Even though the process has been much lengthier compared to other regions, one can observe an industry-wide trend of consolidation within the financial services sector. In North Macedonia, the financial services industry is heavily dominated by large commercial banks, with data from the National Bank of the Republic of North Macedonia (NBRM) showing that the banks hold 81.4% of the total financial assets of the whole country as of 2019. As the most important industry within the broader sector, consolidation can be observed from 2012 to the end of 2020, with the number of banks decreasing by 12.5%. This trend becomes even more obvious with the most recent sale of Ohridska Banka from the financial conglomerate Société Générale to the Austrian, Steiermarkische Bank und Sparkasse, in 2019. Similarly, Komercijalna Banka, as the largest bank in North Macedonia, engaged in a cross-border acquisition of Tirana Bank, with the help of Balfin Group for EUR 57 million. Within the same financial services sector, the sale of the insurance provider Eurolink to the Austrian group Grawe in 2020 can be considered as a movement in the same direction of consolidation.
In December 2020, the acquisition of Seavus by Aricoma was announced. The momentum grew in 2021, as the M&A activity in Macedonia in the first two quarters is poised to reach all-time highs in terms of a number of deals. Following the trends in Europe, in Q1 and Q2 of 2021, there were three publicly announced deals, all of which were in the IT industry. Two of the three acquirers were cross-border companies while one was domestic. As expected, all of the acquiring companies are strategic buyers, with the most revenue and cost-cutting synergies in the middle of the deal thesis. Having in mind the low level of R&D and development of new technology, it is rarely the case that a Macedonian company gets acquired with a technology acquisition investment thesis from the buyer’s side. Similarly, one could argue that it is mostly ‘safe choice companies that are acquired such as in the IT industry – companies with low capital expenditure requirements and relatively stable cash flows. This way, the buyers will easily integrate the companies within their corporate structures and streamline operations, with the ultimate goal of becoming more efficient and increase earnings.
When looking at a higher-level overview of global deal-making, this is not the case. Companies rarely become well-diversified conglomerates, as most of the investors prefer pure plays companies, a fact that results in the existence of the conglomerate discount. By using horizontal integration, some companies even become ‘too big to fail and face major anti-trust probes. This is becoming a more pressing issue as large tech giants are looking for ways to spend their large ‘war-chest on acquisitions (think Amazon and MGM, Facebook’s Instagram and Whatsapp acquisition, etc). At the same time, anti-trust issues can be a major disadvantage for the overall M&A activity, as the lengthiness of these probes often extends to years. At the current pace of innovation and changes in industries, regulation, and the general market environment, lengthy anti-trust probes can make what once would be deemed a good deal, a non-feasible one.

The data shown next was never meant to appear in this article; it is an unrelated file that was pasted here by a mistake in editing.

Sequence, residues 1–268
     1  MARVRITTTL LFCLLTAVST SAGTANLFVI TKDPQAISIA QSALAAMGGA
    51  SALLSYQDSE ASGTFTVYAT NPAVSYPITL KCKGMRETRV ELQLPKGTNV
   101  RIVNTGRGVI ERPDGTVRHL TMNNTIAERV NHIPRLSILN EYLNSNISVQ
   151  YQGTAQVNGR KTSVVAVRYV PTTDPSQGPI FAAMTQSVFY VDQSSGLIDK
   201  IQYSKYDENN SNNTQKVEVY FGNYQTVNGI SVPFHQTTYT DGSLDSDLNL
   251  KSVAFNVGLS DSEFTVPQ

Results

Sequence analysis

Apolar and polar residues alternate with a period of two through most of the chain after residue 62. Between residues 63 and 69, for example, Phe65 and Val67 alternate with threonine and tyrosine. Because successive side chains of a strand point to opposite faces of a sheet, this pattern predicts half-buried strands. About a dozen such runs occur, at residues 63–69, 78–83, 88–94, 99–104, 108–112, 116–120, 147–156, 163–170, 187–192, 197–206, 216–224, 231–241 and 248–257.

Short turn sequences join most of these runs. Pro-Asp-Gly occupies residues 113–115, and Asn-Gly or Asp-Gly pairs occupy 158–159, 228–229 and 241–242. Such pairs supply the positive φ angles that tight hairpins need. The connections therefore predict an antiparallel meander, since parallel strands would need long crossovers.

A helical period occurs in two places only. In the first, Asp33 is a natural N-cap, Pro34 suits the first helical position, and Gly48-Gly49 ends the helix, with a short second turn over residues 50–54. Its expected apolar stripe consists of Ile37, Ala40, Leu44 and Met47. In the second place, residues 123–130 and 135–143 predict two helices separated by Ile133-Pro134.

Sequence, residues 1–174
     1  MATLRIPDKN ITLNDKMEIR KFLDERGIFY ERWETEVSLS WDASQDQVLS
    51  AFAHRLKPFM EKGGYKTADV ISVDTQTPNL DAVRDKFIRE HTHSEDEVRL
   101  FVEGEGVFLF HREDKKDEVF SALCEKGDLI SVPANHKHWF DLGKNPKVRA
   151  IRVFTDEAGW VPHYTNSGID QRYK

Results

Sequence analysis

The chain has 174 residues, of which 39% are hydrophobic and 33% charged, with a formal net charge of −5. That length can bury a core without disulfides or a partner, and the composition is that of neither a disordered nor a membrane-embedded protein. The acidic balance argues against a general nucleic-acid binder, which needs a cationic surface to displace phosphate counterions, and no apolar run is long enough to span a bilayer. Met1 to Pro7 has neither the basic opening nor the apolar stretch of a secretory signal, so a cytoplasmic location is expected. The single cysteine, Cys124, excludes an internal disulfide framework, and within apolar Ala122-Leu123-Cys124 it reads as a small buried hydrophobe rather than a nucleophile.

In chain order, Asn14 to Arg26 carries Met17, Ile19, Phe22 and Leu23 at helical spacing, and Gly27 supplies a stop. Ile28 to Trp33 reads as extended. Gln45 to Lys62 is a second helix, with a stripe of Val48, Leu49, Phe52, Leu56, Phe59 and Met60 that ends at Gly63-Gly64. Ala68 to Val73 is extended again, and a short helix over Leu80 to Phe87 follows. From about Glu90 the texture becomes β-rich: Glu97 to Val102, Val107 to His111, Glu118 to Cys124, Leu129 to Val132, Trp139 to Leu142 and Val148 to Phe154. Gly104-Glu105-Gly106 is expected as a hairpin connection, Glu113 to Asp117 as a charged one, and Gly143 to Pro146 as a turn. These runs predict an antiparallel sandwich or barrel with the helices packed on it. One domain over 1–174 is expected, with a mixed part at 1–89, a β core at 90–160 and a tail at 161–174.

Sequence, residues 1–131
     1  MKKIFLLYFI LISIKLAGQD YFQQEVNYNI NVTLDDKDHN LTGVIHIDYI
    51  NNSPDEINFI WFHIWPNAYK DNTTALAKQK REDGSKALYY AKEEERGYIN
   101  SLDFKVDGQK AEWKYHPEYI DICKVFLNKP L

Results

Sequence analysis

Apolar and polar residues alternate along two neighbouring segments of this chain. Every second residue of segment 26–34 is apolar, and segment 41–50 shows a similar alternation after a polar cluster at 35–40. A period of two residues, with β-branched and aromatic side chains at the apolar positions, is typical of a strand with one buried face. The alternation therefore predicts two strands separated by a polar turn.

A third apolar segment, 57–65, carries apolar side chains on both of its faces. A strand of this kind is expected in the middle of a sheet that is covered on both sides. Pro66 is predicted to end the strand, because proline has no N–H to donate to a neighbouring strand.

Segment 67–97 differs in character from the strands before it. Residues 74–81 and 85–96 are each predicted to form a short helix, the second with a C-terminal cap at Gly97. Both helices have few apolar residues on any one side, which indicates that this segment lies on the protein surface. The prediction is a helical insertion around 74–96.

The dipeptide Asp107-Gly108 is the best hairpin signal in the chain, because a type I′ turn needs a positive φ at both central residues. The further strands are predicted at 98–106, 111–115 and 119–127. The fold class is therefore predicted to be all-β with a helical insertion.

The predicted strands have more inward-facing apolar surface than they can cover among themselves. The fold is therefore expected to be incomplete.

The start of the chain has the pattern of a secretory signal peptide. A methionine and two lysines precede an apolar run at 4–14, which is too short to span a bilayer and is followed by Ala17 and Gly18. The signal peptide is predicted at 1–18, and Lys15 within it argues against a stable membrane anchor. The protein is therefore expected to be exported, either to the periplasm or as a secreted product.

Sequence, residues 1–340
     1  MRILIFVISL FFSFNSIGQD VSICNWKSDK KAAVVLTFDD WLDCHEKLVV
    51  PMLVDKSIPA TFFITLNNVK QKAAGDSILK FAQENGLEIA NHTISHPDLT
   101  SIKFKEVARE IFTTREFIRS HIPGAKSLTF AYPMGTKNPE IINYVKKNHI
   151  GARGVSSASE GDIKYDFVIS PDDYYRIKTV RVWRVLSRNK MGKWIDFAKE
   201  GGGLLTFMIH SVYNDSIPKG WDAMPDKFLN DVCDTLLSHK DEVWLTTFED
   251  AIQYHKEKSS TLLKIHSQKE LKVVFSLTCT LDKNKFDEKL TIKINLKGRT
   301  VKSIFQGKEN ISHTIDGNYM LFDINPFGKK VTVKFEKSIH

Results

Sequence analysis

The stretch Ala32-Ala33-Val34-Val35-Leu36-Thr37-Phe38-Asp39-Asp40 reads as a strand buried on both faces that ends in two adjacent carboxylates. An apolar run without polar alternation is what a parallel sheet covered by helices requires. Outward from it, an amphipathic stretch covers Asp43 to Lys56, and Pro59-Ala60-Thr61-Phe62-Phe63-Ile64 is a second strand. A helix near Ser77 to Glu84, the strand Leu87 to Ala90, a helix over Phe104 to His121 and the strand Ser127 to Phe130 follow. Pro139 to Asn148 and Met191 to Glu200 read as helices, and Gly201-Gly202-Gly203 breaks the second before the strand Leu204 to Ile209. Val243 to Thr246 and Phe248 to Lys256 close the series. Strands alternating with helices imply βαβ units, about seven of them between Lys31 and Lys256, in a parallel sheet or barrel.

Pure-play companies are usually companies that operate in one sector and product/activity. In this context, it refers to companies that are interested and engaged in M&A activity only in their respective sector, and not in non-related industries or vertical integration.
 Boston Consulting Group (2014), “Invest wisely, divest strategically”, available at: https://www.bcg.com/publications/2014/divestitures-invest-wisely-divest-strategically-tapping-power-diversity-raise-valuations
To conclude, the world is still in an environment that is advantageous to opportunistic buyers in the wake of the financial and economic destruction brought by the pandemic. Digitalization, consolidation, and cost efficiencies, as well as large investments in ‘clean’ infrastructure and healthcare, are driving the M&A activity in the US and Europe. These trends are replicated in the small and unsubstantial market for deal-making in Macedonia. The size of the deals and relatively low, activity levels in the past can be attributed to different factors such as regulatory environment, lack of quality advisory services, lack of proper financing choices as well as the low development of the capital markets which results in difficult exit opportunities for financial buyers, such as PE funds. However, the recent movements in M&A activity show that Macedonia is not left behind in terms of the European-wide trends, especially in the IT and financial services industry. This has become obvious for foreign buyers that take advantage of the opportunities. The real challenge for the Macedonian business community would be for domestic companies to recognize the opportunities in terms of value creation that M&A can make possible and take initiative to find new targets and ultimately capitalize on these possibilities.
The views expressed in this analysis are the author’s own and do not necessarily reflect Macedonia2025’s editorial stance.
Author: Dimitar Funa